Confessions of a grounded performer

I am a performer. Under the right circumstances, i.e. a stage of any kind, some quirk in my chemistry transforms my fight-or-flight response into fuel for communicating to an audience of intimate strangers. If things go reasonably well, I will then feel the most alive I ever feel, my brain firing on all cylinders. I’ll be smarter, faster, and stronger, the best version of myself, doing what certainly feels like good work, because it makes people happy.

Since the Covid-19 Pandemic, this aspect of my life is on hold indefinitely. In part because I am not physically sick, while knowing quite a few who’ve fallen ill, I am reluctant to complain. So please know it’s not a gripe, but just truthful to note I’ve nevertheless been unwell in mind and heart, struggling with despair, anxiety, and depression. Not just due to exile from performing, but also from pandemic-induced existential fears, which I feel sure I need not enumerate. Can I get a witness?

These shadows, however, are not omnipresent, I am glad to say. I write this from a place of hope. Because that hope ebbs and flows, I seize this moment to chronicle. I am making hay while the sun shines, literally and figuratively. It’s a beautiful spring day in the Catskills. I am, at this moment, safe in my home, food secure, and my family is OK. I am reminded of one of my favorite Southern sayings: “Don’t bitch with your mouth full.” I.e., be reasonable.

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But performers are strange. We are, by definition, pretty unreasonable. Some of the best performers are, in fact, lavishly rewarded for being extremely unreasonable. Most “reasonable” humans, for instance, would rather endure oral surgery (or death) than be the focus of a crowd’s attention. If and when they’re in the spotlight, these reasonable folk experience the aforementioned fight-or-flight response as evolution intended: adrenaline goes haywire. With no predator to wrestle or run from, you get crippling self-consciousness, extravagant nervousness, and paralyzing fear. No fun. Under the same circumstances, however, we performers, by contrast, do crazy things like sing, dance, play instruments, and tell stories. We’re happy in the fray. It begs the question: why? What’s the goal of this aberrant behavior we all – performers and audiences – so deeply miss?

Deliverance, that’s what. We ache to deliver you, and thereby ourselves, into the moment.

Performing, when it goes well, is quite the win-win situation. By captivating, we free you and us from worries for the future, and remorse for the past. No matter the medium: dance, storytelling, theatre, live music, magic, comedy, et al – that’s the heart of what we do: we use our skills to warp time, to deliver everybody to now.

Performance, for my money, is as close as it gets to church. A crowd becomes one organism, something transpires onstage that defies logic, a broken individual rises above infirmity; some unquantifiable shift in the molecular structure of a room ushers in ghosts, who hover in the spaces between notes, between words, air charged with presence, spirit in the night, the veil between the unseen world and consensual reality pierced, and pierced well.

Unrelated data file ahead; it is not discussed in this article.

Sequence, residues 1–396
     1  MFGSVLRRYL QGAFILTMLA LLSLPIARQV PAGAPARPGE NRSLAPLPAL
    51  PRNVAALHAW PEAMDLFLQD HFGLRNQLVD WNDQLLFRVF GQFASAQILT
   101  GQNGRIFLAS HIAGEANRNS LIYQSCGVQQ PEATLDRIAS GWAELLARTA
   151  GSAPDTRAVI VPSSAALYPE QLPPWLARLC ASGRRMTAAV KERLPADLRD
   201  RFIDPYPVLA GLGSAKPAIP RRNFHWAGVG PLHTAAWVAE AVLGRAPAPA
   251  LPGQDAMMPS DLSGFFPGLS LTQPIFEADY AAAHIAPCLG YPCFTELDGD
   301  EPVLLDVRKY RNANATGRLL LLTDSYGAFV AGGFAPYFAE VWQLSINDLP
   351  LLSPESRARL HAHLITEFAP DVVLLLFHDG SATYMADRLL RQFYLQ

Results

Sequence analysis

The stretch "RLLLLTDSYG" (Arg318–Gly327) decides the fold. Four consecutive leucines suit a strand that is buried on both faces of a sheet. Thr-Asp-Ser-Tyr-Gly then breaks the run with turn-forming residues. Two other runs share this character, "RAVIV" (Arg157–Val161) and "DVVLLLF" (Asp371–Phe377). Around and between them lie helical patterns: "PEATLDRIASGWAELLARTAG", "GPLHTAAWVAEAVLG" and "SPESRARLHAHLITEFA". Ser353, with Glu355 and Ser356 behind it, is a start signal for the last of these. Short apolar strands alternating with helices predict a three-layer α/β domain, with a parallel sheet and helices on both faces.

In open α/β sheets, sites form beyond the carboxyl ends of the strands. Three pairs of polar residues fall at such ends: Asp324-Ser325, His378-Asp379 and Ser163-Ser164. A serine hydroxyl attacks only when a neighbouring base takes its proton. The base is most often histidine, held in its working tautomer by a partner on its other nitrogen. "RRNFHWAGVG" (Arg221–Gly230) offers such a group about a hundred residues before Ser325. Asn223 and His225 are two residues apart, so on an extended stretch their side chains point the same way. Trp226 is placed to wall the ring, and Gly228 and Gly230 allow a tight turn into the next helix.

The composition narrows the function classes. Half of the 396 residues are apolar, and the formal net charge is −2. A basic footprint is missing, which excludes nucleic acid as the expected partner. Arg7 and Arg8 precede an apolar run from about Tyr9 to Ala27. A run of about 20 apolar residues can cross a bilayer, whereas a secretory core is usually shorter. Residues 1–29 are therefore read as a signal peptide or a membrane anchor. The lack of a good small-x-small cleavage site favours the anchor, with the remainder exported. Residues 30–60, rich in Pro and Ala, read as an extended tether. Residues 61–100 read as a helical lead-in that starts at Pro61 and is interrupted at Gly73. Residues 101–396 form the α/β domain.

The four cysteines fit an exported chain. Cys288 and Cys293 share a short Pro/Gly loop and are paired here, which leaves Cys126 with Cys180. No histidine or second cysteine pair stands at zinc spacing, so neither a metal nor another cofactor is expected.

The scuttlebutt is that the Covid-19 Pandemic has effectively killed all of the above for the foreseeable future, at least until science develops a reliable vaccine. The exhilaration of which I speak, the primal pleasure of enjoyment among strangers, of deliverance – all is on hold. No one can authoritatively say for how long. Every performer I know grieves, worries, despairs. The anguish among my peers connects us largely through screens and, I could swear, the collective consciousness. The only things that might ease all of it are, of course, the sounds of applause in a room, the visceral joy of a noisy collective breathing the same air, unafraid; the simple pleasure of physical touch in the afterglow. None of those things are readily available, not at present.

But here’s the thing: I know I’ll tread the boards again, somehow, someday. In front of folks I know only as fellow humans who ache to be delivered as I do. I know the time exists when theaters and clubs and dive bars will once again fill with intimate strangers enjoying a shared experience. The covenant between performer and audience will never be permanently broken. It’s actually one of the only certainties I enjoy, even if it evades me when I am unwell. Because as a writer, musician, and especially performer, I am well acquainted with the space where nothing exists, and then it does. A room of expectant people, a blank page, a guitar with no hands yet upon it. That’s where we are.

All creative folk intimately know this space – the emptiness where all is darkness, just before the big bang, just before action. The pre-conception moment is part of the process. It’s a time of prep, of faith and hope, often unreasonable hope. But for me and mine, that very unreasonableness confers weight, the essence of something real.

The odds have always been against us, yet here we are, unreasonable as ever. And there we will be, on stages, in clubs, bars, roadhouses, cafetoriums, theaters. The pain and uncertainty of this moment will be the past from which we, the community of performers, will gladly and expertly deliver you – and ourselves – to whatever unknowable now awaits.

Read more installments of Village Voices by Robert Burke Warren.